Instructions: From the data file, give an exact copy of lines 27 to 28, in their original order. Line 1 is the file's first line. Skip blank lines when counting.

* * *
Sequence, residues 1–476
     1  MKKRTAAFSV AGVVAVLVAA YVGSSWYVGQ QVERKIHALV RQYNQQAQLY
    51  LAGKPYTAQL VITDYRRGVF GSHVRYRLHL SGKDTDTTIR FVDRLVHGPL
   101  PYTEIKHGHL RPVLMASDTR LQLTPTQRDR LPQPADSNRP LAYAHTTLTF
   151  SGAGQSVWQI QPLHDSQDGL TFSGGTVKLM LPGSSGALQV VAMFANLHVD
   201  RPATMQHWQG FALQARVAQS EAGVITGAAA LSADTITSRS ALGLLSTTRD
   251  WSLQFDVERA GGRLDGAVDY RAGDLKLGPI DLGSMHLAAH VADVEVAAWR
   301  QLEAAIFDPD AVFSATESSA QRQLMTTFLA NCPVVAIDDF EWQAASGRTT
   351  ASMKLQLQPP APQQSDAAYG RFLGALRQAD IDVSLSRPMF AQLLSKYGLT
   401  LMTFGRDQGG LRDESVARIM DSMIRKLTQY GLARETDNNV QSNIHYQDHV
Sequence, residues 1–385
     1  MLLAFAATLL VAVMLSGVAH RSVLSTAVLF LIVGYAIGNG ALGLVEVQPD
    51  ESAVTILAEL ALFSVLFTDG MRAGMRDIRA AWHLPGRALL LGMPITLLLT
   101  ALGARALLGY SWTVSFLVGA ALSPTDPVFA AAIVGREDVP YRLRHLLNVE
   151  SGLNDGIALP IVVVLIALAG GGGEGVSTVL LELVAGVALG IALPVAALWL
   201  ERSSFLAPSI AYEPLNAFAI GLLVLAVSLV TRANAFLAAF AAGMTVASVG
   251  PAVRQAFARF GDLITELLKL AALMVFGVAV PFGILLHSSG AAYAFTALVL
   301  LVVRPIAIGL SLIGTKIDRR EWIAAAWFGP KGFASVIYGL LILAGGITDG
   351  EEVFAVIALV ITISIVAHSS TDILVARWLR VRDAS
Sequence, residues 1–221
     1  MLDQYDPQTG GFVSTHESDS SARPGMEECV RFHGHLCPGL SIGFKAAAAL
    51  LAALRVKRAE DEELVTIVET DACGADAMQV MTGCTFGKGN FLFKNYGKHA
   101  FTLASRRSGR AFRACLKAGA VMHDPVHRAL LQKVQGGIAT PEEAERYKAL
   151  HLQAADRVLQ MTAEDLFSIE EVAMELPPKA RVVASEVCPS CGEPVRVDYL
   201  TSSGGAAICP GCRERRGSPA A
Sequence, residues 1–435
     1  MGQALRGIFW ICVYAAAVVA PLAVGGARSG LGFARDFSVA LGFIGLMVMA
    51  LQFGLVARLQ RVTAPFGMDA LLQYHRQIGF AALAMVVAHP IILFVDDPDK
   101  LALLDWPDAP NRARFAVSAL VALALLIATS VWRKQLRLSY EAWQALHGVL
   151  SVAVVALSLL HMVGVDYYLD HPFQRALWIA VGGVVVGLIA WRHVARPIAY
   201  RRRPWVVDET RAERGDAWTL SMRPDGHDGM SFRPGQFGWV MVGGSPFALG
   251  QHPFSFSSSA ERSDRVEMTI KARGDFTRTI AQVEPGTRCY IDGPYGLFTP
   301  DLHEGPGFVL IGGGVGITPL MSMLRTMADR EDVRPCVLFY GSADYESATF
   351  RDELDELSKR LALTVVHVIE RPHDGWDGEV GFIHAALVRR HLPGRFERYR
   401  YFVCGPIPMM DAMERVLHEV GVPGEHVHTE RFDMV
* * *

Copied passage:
     1  MGQALRGIFW ICVYAAAVVA PLAVGGARSG LGFARDFSVA LGFIGLMVMA
    51  LQFGLVARLQ RVTAPFGMDA LLQYHRQIGF AALAMVVAHP IILFVDDPDK